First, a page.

Lyme disease is gradually spreading from the Northeast and becoming more common farther south and east, government researchers reported Wednesday.
A county-by-county look at the infections shows it's found in four times as many counties now as it was in 1993, a team from the Centers for Disease Control and Prevention found.
It's not clear why — experts say climate change, forest regrowth and the spread of deer might all be factors. What is clear is that many more people than before need to watch out for the ticks that carry the infection, CDC says.
"Over time, the number of counties identified as having high incidence of Lyme disease in the northeastern states increased more than 320 percent: from 43 (1993-1997) to 90 (1998-2002) to 130 (2003-2007) to 182 (2008-2012)," Kiersten Kugeler of the CDC's center in Forth Collins, Colorado, and colleagues write in their report.
The northern coast of New Jersey is no longer a hotbed of new Lyme infections, but now east-central Pennsylvania is, they said.
Lyme disease is caused by bacteria called Borrelia burgdorferi, carried by blacklegged ticks. It was first recognized in the Lyme, Connecticut, area in 1975 and it's spread from there to the northeast and to the mid-Atlantic and upper Northwest regions and elsewhere.
The CDC found high-risk counties in 17 states, including Connecticut, Massachusetts, New Hampshire, Maine, Vermont, Pennsylvania, Virginia, New York, Iowa, Michigan and Minnesota.
Infection causes fever, headache, fatigue, and a characteristic skin rash called erythema migrans. The infection can spread to joints, the heart and the nervous system if it's not treated. On rare occasions, it can kill.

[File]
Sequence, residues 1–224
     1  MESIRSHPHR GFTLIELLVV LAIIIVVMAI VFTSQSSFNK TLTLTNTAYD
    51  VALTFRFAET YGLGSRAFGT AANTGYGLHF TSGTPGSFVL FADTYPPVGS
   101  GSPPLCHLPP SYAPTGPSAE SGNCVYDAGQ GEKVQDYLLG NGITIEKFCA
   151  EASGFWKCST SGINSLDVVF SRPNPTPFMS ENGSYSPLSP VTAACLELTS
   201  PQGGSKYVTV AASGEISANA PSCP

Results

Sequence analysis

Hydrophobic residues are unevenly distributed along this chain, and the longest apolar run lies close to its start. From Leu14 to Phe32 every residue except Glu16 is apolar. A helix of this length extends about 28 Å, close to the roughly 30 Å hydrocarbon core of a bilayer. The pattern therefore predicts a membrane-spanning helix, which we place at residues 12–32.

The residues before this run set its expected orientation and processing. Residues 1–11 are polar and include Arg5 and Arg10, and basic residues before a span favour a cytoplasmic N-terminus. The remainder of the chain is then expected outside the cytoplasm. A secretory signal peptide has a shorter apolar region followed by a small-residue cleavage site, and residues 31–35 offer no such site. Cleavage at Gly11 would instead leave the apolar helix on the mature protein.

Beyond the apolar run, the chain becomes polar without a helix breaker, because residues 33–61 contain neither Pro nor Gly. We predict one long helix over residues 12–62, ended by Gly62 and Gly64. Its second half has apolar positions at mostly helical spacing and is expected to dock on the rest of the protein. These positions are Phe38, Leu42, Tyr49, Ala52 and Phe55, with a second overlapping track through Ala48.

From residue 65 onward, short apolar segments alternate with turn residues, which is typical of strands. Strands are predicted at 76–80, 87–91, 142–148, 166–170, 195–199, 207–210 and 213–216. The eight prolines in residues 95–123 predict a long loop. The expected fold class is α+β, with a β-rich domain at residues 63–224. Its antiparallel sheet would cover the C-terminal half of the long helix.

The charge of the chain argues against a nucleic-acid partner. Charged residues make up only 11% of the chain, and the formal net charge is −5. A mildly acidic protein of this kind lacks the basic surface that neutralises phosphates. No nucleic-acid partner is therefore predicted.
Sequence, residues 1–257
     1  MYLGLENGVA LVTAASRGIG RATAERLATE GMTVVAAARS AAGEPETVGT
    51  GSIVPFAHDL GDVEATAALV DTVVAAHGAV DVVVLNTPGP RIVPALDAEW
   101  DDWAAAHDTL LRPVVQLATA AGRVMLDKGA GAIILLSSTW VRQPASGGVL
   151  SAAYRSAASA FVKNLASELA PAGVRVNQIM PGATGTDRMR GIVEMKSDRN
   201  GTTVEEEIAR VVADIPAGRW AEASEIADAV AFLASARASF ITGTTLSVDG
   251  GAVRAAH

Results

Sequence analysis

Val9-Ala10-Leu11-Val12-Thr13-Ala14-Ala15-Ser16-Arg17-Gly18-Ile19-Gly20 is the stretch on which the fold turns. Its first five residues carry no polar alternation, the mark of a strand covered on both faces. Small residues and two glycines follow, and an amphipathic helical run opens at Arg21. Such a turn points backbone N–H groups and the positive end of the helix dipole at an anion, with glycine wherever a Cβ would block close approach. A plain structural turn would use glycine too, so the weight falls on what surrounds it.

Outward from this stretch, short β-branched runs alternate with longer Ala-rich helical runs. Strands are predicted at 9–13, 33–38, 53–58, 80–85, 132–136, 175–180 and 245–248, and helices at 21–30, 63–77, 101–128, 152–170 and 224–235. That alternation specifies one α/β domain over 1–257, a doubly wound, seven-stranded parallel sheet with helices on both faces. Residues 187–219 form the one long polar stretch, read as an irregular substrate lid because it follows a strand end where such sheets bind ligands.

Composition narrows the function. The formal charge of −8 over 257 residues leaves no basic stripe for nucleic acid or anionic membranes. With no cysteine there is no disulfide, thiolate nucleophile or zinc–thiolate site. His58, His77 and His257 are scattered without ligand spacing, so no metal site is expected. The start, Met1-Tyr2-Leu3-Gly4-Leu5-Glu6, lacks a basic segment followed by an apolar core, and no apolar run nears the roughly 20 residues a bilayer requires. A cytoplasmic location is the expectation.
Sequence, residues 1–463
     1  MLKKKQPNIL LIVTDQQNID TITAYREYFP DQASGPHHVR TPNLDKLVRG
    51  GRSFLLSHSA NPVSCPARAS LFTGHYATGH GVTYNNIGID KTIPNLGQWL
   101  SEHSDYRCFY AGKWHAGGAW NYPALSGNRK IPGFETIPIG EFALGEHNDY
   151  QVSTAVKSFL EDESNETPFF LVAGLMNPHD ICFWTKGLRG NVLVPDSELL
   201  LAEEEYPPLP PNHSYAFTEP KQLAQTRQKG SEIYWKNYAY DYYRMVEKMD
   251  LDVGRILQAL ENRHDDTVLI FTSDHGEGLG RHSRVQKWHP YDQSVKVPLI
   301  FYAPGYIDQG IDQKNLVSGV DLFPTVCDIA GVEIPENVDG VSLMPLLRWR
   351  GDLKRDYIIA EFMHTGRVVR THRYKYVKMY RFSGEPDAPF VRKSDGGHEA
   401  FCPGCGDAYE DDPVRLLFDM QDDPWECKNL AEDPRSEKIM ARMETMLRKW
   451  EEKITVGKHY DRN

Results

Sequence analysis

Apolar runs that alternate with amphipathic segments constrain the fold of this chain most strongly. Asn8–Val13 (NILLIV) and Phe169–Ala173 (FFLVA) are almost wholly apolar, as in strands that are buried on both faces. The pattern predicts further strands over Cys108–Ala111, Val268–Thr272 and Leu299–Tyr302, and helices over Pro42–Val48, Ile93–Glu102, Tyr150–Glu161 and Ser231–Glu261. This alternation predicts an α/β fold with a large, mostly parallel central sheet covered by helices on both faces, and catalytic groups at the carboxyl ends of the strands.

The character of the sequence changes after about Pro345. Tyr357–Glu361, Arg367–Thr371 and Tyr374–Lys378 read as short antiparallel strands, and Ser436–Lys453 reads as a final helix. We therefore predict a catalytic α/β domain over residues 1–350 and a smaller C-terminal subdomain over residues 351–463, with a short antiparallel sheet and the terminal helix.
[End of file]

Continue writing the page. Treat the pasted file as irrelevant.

More than 30,000 cases of Lyme disease are reported to CDC every year, making it the most commonly reported tick-borne illness in the United States, the CDC says. But some reports have suggested it is far more common than that maybe as many as 300,000 cases.
Kugeler's team came up with a new method to identify high-risk counties, and they used it to track the spread of Lyme since 1993.
"Our results show that geographic expansion of high-risk areas is ongoing, emphasizing the need to identify broadly implementable and acceptable public health interventions to prevent human Lyme disease," they write in the CDC journal Emerging Infectious Diseases.
The team found that Lyme isn't spreading much in Wisconsin, staying in the same cluster of northwestern counties,but didn't determine why.
"I think everyone agrees that climate change has something to do with it (the overall spread)," said Dr. Alan Barbour, who wasn't involved in the study but who studies tick-borne diseases at the University of California Irvine, and who wrote a book on Lyme disease.
Barbour says many of the affected areas also have seen a return of brushy and forested areas as small farms have gone out of operation and the land returned to a more natural state. That, in turn, allows the return of rodents, which carry the infection and spread it to ticks, and the deer who help the ticks complete their life cycle.
In some parts of the Southwest, Lyme is less commonly reported than it was before, Kugeler's team said. That's probably because a different tick-borne disease, southern tick-associated rash illness or STARI, was being mistaken for Lyme.
"Patients with this illness have rash similar to that of Lyme disease, but the condition is not caused by B. burgdorferi bacteria," the CDC team wrote.
Treatment of Lyme disease can be as simple as a single dose of the antibiotic doxycycline or it can involve a three-week to one-month course of antibiotics, depending on how long it takes to diagnose after infection. Infectious disease experts disagree on whether longer courses of treatment are helpful. Up to 20 percent of patients have long-term symptoms, the CDC says.
There used to be a vaccine, but its maker stopped manufacturing it because too few people asked for it. The CDC recommends using an insect repellent that contains DEET, careful checking for ticks after being outdoors, and staying out of bushy, wooded areas.